They actually went through with it.
That was my overriding thought as I watched Jon Moxley and Kenny Omega enter the ring last night at AEW’s pay-per-view “Revolution.” For weeks they had billed this “Exploding Barbed Wire Death Match,” and yet my mind couldn’t quite get to the place to fully accept that it would happen. How could something so patently ridiculous actually... be?
In the interest of full disclosure, I’m still a relatively new wrestling fan. Or newly entering my third phase as one, at least. I was a fan when I was a kid. Then again in college. And again. It’s been a few years, but I’m still not at the level where I can list off various indie promotion matches where things went cartoonish like this. This kind of thing, barbed wire and explosives, this is for the truly hardcore, and possibly the truly broken. The stories of matches like this with Mick Foley or Terry Funk or Atsushi Onita, they’re like modern reinterpretations of the Odyssey. I don’t know if they happened, and if they did, it couldn’t have been in the way the lore describes it. And if they did happen that way, I’m glad they happened out of my sight. I know the names, and even saw Foley a fair bit in my college phase, but they’re basically ghosts and the stories of legend.
Death matches were for the true fan/lunatic. The fan a normal match no longer did anything for, because it couldn’t break their numbness. They didn’t watch wrestling so much as use it. A fix. The one who needed this level of violence and gore to feel again, or something. A bigger and bigger hit is what these were. They are not supposed to be on the pay per view of a major company with a network TV deal. They are not supposed to be out in the open, as it were. Death matches happen in a dark warehouse, two buildings down from where the cockfights are. This is supposed to be a corner of society that never sees the sun.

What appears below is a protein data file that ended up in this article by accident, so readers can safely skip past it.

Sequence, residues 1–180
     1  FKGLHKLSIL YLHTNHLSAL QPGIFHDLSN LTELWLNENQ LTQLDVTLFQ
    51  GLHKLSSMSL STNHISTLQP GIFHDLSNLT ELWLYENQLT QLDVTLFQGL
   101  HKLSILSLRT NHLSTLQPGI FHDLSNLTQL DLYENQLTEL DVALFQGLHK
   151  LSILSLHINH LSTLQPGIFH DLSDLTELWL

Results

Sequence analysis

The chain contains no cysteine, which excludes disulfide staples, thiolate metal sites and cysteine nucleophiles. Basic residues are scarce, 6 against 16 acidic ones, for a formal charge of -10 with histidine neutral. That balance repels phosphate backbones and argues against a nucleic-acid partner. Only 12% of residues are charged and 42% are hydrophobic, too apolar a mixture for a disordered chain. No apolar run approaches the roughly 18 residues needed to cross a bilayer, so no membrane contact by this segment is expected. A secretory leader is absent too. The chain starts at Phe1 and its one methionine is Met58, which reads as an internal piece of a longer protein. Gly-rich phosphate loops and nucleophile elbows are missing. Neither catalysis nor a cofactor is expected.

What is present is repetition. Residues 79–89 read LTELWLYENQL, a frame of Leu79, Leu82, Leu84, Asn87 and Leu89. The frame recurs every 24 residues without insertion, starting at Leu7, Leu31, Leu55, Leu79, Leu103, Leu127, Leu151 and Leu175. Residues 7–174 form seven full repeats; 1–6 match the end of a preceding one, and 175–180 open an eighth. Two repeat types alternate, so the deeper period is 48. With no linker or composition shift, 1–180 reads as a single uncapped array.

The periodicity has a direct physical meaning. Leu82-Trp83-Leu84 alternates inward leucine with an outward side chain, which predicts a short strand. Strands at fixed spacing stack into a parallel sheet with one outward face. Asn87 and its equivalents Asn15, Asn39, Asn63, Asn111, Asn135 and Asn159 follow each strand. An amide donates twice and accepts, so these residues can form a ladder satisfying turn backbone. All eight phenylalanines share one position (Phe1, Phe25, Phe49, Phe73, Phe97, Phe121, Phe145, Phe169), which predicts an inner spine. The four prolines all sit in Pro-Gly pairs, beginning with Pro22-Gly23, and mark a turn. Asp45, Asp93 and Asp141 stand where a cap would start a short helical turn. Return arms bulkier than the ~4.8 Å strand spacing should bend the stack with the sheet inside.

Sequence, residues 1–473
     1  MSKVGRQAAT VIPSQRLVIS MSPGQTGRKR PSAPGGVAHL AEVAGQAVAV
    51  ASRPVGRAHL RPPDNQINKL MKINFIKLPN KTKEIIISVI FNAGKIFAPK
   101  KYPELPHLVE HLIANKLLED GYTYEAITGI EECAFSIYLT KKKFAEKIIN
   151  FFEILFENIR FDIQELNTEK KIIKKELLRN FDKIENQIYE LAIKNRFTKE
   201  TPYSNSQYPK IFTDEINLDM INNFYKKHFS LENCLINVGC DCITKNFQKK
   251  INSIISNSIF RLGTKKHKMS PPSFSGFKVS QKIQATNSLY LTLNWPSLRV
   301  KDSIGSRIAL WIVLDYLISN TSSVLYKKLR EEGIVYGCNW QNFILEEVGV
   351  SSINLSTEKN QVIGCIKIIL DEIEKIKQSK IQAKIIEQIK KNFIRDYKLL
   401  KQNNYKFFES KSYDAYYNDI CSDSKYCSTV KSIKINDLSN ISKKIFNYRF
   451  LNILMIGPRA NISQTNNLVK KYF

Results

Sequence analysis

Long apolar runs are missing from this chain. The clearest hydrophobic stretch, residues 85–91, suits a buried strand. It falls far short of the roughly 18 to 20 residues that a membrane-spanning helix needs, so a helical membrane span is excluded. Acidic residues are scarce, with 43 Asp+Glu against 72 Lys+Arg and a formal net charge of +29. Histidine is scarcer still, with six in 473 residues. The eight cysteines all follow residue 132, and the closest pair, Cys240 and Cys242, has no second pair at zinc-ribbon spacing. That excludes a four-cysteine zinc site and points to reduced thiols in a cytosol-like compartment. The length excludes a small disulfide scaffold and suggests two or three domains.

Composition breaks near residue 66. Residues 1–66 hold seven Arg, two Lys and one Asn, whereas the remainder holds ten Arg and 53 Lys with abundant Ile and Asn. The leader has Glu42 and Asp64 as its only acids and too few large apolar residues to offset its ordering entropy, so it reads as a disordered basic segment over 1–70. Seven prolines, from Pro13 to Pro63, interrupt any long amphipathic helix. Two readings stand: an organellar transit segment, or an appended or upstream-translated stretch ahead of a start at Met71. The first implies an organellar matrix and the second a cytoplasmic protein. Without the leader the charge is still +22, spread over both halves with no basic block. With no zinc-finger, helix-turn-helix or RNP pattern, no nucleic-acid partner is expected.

And yet, there they were. The mere idea of all of this is simply nuts. It’s not enough that the ropes are wrapped in barbed wire. No, they also have to trigger an explosion. And the floor was rigged with explosives beneath wooden boards festooned in barbed wire, too. This is what would happen if a Vegas hotel designer got the wrong mushrooms (or the very much right mushrooms, depending on your point of view). This was a match conceived without ever hearing “no” or “that’s too much.” It is the wrestling version of unfettered capitalism, basically.
And right up until it started, I couldn’t believe it was happening. “They’re not actually going to do this, right?” I’m not a horror movie guy, but I think for the first time in my life I understand why people are. The twisting emotions and ride of not wanting to watch something and yet being unable to look away. That was this. I knew what was coming — fire, blood, pain, basically what your parents thought metal shows were — and yet still couldn’t quite comprehend when it happened. I was twisting away and leaning in at the same time.